Andre Brown Appeals Suspension, Should He Have Been Suspended to Begin With?
New York Giants running back Andre Brown is appealing his four-game suspension, which was handed down by the NFL back in March for taking a performance-enhancing substance. We now know that the substance in question is Adderall, a drug commonly used to treat attention deficit hyperactivity disorder, or ADHD, and narcolepsy. Brown claims he has been using the drug since he entered the league. “It was something that I’ve been on since I’ve been in the league, which was Adderall. I just forgot to fill out some paperwork and that was it.”
If Brown is telling the truth, why would the league suspend a player for taking a drug used to treat a diagnosed disorder, even if paperwork didn’t get filed on time? This makes no sense. The drug contains amphetamine salts which can be considered a performance enhancer and they do carry with it a high rate of abuse because the drug is considered a stimulant.
The thing that I don’t understand is, if Andre Brown can prove he is medically prescribed this drug to treat a medical condition he has, why should the NFL suspend him? Because he missed some paperwork? That doesn’t seem fair. If Brown is to be believed and he has been on this drug since he entered the NFL and there is evidence supporting he has filed paperwork in the past I think the NFL should retract the suspension and perhaps fine Brown instead.
Houston Texans punter Brett Hartmann recently had a four-game suspension reduced to three games after appealing his decision. He was suspended for taking Ritalin without NFL approval. Is the NFL such a dictatorial organization that it lumps it’s players who committed an oversight in with other players who were caught trying to cheat outright? In today’s society there is a stigma attached to being suspended for using performance-enhancing drugs. Society automatically deems you a cheater if you are caught, regardless of the circumstances. I don’t think that is fair, especially if the player has a medical condition that warrants the medication. A small fine for failing to submit paperwork would suffice rather than lumping honest players with medical conditions into a heap of players caught knowingly cheating.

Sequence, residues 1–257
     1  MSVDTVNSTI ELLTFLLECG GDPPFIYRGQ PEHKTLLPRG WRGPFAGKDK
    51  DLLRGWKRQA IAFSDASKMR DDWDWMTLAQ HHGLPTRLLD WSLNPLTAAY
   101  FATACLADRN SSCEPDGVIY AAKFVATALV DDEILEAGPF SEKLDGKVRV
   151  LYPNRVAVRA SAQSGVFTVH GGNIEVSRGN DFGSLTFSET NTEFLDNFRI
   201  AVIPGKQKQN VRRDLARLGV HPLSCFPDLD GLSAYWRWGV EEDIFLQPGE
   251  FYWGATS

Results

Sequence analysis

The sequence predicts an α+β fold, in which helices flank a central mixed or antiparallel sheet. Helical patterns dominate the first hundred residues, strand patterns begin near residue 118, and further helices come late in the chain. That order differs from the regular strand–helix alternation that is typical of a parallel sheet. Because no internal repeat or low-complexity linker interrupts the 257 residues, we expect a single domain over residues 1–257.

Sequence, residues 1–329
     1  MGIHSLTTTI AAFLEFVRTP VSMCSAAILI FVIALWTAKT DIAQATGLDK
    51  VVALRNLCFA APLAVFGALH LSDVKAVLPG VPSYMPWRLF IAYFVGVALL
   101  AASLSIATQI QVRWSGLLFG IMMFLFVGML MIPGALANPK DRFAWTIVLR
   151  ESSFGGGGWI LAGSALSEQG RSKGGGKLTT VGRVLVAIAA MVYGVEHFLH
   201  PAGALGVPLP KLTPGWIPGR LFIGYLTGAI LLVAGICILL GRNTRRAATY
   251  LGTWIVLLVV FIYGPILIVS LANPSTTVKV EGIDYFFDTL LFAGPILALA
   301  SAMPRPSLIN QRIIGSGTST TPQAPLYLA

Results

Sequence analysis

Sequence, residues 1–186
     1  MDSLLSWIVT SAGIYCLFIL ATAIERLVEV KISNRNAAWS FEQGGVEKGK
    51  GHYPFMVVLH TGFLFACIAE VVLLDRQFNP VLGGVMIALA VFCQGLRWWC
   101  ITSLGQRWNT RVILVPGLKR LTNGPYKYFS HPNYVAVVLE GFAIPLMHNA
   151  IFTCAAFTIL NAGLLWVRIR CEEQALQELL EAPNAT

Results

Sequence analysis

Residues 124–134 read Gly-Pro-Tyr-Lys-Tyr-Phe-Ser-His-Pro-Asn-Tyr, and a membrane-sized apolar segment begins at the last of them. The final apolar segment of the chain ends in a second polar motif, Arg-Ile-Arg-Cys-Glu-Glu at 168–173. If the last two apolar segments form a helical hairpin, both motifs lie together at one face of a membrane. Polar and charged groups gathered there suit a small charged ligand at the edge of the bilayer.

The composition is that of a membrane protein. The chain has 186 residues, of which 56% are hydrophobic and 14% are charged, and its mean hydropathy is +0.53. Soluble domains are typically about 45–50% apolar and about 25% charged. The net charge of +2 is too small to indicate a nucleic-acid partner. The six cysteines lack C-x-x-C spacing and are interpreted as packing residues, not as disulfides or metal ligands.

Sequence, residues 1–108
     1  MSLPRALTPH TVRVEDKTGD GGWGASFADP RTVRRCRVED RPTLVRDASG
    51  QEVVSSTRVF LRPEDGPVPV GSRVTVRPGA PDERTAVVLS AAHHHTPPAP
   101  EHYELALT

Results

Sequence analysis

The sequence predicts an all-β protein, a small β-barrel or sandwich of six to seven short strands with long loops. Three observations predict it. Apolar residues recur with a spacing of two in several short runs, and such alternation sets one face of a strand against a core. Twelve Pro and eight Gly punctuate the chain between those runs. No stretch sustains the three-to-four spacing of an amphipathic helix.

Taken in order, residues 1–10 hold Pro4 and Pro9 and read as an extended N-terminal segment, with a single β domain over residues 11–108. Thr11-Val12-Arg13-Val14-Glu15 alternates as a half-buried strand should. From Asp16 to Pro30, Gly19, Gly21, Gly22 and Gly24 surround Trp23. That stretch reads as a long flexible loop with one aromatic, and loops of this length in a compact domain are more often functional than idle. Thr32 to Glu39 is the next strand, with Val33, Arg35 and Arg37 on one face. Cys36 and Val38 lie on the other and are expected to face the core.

NFL commissioner Roger Goodell should understand that every person makes mistakes, every person forgets things from time to time. That is no reason to punish a player unfairly, both by sullying his reputation and by costing him a chance at NFL success.
Andre Brown is already facing an uphill battle trying to make the New York Giants. With a four-game suspension hanging over his head, Brown already is on the outside looking in at the Giants running back battle. Why should the Giants carry him on the roster if he is going to miss the first four games of the year? It could very well be that this is Brown’s last shot to make an NFL roster and Roger Goodell might have cost him that chance because Brown forgot to file some papers. That hardly seems fair.
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